Education In Post-Secondary Schools

770 Words 4 Pages
Education has and always will be up for debate because society feels that every child should have the equal right to an education. Post-secondary school is becoming more than just an option, but part of the equal right to education. Our K-12 education system is no longer sufficient enough to obtain a substantial income. For a single person to acquire economic security, “It would take a minimum wage of $14.17 an hour” which is 2/3 what it costs for a family of four to survive (Berman). A 2011 study from The U.S. Department of Education’s National Statistics (NCES) recorded people who have a bachelor’s degree make on average $16,900 more than those with only a High school diploma. With tuition rates increasing 3-4% a year and federal aid decreasing …show more content…
It’s time for the government to take control of the situation and force universities to stop increasing the cost for tuition. The Delta Project, a nonprofit group studying college costs nationwide found, “Tuition rose 29.8 percent at public research universities from 2002 to 2006,” which is an insane amount compared to the increase cost per student of 8.4%. "Students are paying more and arguably getting less,” as Jane Wellman put it, the executive director for Delta Project (Romoser). The financial burden that’s put onto family’s increases as time goes on. The number of students attending post-secondary schools are dwindling by the year, “Enrollment declined by close to half a million (463,000) between 2012 and 2013, marking the second year in a row that a drop,” has occurred (U.S. Census Bureau). The money isn’t being spent just on education but on things of no significance to the …show more content…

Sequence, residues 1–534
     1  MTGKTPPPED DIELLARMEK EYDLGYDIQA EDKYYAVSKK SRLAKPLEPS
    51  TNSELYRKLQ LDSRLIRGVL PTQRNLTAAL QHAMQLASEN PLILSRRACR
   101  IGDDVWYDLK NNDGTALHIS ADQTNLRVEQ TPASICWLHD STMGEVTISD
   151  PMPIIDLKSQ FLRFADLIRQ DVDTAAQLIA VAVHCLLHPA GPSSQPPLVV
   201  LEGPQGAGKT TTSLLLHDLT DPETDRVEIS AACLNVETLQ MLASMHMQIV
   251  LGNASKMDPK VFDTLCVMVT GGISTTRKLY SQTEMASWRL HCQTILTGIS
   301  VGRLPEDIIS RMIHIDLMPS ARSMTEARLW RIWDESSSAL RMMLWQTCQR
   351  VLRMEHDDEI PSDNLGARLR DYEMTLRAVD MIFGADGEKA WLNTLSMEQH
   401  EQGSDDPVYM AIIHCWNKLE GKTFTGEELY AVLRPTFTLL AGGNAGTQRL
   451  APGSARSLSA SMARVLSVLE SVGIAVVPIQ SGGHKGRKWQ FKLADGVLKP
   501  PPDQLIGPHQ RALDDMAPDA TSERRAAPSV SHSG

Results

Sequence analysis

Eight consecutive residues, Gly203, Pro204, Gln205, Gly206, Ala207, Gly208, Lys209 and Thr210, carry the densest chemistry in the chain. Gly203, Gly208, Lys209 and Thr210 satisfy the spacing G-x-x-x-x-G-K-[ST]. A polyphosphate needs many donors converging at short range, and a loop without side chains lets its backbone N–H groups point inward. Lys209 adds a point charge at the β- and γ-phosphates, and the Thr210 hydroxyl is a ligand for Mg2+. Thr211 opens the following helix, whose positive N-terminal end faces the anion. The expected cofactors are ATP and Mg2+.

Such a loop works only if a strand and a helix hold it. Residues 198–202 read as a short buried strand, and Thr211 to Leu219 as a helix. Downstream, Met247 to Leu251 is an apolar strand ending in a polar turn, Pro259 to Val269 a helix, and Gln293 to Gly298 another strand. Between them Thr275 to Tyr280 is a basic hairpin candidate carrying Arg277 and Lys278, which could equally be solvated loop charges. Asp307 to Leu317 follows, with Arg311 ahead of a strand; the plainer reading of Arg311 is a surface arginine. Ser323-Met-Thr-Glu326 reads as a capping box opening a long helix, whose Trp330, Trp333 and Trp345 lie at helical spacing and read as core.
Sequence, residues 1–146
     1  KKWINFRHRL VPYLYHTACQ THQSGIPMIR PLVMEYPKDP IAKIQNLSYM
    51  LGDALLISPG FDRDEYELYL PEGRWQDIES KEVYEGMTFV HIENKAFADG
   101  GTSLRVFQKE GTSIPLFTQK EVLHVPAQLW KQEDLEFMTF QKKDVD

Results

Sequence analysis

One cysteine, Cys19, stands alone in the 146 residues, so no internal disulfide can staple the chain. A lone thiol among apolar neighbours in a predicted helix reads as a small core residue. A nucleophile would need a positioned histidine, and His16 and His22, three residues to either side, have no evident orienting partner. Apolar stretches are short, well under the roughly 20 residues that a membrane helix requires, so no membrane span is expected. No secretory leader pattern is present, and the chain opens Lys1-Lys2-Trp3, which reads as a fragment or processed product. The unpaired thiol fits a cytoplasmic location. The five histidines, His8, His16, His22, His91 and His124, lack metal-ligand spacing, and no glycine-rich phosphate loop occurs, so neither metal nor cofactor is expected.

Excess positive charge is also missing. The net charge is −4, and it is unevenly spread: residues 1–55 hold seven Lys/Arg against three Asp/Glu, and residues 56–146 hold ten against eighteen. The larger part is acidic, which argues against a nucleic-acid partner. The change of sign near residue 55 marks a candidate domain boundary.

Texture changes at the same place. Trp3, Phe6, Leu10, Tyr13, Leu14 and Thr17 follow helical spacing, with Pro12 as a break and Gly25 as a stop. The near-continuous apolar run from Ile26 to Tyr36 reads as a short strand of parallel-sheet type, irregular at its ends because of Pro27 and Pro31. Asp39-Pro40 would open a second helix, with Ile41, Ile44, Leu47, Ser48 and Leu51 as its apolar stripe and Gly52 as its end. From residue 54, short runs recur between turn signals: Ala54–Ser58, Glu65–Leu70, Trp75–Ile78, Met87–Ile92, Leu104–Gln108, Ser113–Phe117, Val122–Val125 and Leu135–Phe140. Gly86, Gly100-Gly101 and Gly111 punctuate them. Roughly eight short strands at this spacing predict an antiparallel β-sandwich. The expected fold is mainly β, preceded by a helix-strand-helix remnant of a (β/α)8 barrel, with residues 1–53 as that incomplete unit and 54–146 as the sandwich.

In Sweden and other European countries they go through standardized schooling and then take a test to see what major best fits them and what schools they will be granted education (Swedish National Agency for Education). This program benefits the country to the point the average income is $7,000 more than the USA (Phelps and Crabtree). Although they may have slightly less disposable income they don’t have to worry about college or healthcare, which when calculated out makes the net income of the USA lower than Sweden. Sweden is able to afford this because they put so much of their taxes towards it. If they can provide a post-secondary education to their entire country then the USA can

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